There are so many style points that writers think they’re SUPPOSED to know. So they’re embarrassed that they don’t know them. It’s a waste of valuable energy – energy that could be spent writing. A classic example: hyphenation.
Here, according to AP and its go-to dictionary, are some “correct” hyphenation choices.
A well-known couple
A recently married couple
A full-time worker
Joe works full time
The job is full-time
A copy-edited manuscript
A manuscript copy edited by Joe
A water-skier water-skis on water skis
Jane is a 12-year-old
Jane is 12 years old
No one expects writers to know all these. Heck, no one even expects copy editors to know all these. We have to look them up.
When it comes to hyphenation, the only things a writer needs to know are:
1. Hyphens are most commonly used to form compound modifiers that come before a noun, with the goal of avoiding confusion: “a man eating duck” vs. “a man-eating duck.”
2. Sometimes a hyphen is part of a word’s official spelling. Only the dictionary knows all these.
3. Hyphens are an art, not a science. Clarity and common sense trump the “rules.”
Monday, February 23, 2009
Writers Should Stop Worrying About … (First in an occasional series on style points for which all writers should be granted absolution)
Posted by June Casagrande at 11:01 AM
Labels: AP Style, grammar, punctuation, style, Writing
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Thanks. It helps for someone to say this. I feel at least a little absolved. I tend to over-hyphenate and I've been harassed by some of my friends.
Copy editors, especially newer ones, overhyphenate a lot. For some reason, we really fixate on it. It took me years to realize that just because something could be hyphenated didn't mean it should.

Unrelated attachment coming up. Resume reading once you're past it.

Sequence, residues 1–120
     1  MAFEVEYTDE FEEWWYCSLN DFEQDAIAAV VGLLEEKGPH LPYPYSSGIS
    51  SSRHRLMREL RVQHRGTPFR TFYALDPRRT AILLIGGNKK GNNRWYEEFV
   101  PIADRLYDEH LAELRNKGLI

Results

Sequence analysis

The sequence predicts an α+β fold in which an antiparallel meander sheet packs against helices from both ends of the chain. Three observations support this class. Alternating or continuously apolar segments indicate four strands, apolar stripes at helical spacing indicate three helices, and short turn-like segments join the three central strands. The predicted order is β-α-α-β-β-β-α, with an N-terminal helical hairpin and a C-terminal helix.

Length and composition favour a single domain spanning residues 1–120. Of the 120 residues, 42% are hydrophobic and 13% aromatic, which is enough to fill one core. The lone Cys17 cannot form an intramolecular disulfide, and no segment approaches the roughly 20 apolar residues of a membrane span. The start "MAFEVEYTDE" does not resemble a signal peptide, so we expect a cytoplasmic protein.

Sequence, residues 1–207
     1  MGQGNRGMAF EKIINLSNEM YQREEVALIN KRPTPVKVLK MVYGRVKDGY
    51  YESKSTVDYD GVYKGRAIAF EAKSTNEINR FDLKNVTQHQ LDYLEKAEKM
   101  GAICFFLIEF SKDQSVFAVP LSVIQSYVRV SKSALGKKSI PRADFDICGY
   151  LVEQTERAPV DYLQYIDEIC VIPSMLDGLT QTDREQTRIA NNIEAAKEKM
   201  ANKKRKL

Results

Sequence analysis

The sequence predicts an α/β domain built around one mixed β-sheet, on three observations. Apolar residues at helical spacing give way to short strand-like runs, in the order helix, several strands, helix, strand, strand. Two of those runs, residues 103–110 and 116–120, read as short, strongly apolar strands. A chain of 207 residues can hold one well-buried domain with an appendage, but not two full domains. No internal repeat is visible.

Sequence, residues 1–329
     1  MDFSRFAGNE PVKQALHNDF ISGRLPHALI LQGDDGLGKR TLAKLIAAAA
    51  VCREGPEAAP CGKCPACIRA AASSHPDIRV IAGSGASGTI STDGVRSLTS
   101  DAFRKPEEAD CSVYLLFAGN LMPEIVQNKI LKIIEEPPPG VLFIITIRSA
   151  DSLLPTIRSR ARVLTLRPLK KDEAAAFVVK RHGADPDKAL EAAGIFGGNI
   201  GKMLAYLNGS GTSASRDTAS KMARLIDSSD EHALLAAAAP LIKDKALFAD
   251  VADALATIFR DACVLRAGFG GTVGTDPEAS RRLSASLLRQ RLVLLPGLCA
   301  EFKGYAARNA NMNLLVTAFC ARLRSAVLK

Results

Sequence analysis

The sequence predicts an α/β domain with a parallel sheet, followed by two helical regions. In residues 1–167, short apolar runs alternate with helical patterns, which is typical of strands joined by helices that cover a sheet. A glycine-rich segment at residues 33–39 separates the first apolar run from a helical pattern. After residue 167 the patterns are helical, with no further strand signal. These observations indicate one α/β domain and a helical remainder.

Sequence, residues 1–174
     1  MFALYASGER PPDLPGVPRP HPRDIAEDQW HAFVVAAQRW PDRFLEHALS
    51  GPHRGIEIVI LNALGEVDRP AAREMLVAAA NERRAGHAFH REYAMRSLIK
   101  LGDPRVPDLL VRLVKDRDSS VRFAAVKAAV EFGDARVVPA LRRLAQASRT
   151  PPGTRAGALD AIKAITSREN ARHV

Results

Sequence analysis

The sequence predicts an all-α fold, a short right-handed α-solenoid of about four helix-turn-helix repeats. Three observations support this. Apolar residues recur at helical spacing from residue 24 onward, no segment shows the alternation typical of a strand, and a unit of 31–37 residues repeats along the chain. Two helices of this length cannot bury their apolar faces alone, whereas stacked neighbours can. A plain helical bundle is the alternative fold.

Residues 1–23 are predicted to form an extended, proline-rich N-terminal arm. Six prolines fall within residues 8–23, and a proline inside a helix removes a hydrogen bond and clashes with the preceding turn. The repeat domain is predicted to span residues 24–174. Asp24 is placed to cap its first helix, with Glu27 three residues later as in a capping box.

Then, it seems, a lot of copy editors do an about-face and swing really far in the other direction, hyphenating almost nothing.
I still struggle with all this!
I love this new series!
And yes, hyphens are tricksy. Clarity s a great point and maybe will become my mantra when teaching grammar (to answer the question "why?") and that in turn makes flexibility easier, too.
Exactly. I hope more people can come to understand that "what looks right" isn't as far off as they fear from "what IS right." Often, there's no line between the two at all!
Where I run into difficulty with hyphenation is best illustrated with an example.
Let's suppose hypothetically that you have a grammar-related blog. My instinct tells me that the hyphen is required. But suppose your blog is not related to all grammar, but only to the grammar of the English language, in which case it is an English grammar related blog. Now where do the hyphens go?
Writing "English grammar-related blog", violates the principle that words seperated by a hyphen are more closely connected than words seperated by a space, and suggests that it's an English blog related to grammar, rather than a blog related to English grammar. So I have a problem with that hyphenation. It irks me.
So I tend to add an extra hyphen and write, "English-grammar-related blog". But this violates the principle that phrases like "English grammar" aren't hyphenated, and long hyphenated phrases in print cause all sorts of problems involving jagged edges and so on. So I have a problem with that hyphenation, too.
I expect you'd advise me to re-phrase the sentence. But what if I don't want to (or am transcribing speech)?
Thanks for asking something I actually know an answer to. This is from "Lapsing Into a Comma," by Bill Walsh, who is/was Business Copy Desk Chief for the Washington Post:
"Hyphenation is often an all-or-nothing proposition: Even if you eschew the hyphen when 'high school' is a modifier ('high school students'), you cannot apply that logic when the modifier gains an addition. 'High school-age students' means 'school-age students who are under the influence of drugs.' It's high-school-age students.'"
That's not a written-in-stone answer. But it's a darn good one as far as I'm concerned. I would not hyphenate "The Bill Clinton era." I would not hyphenate "The Bill Clinton era policies." But I would hyphenate "The Bill-Clinton-era-inspired policies." (Assuming, of course, that rewriting is not an option.)
In other words, the need to unify a whole modifier trumps the logic that Bill Clinton his not hyphenated.
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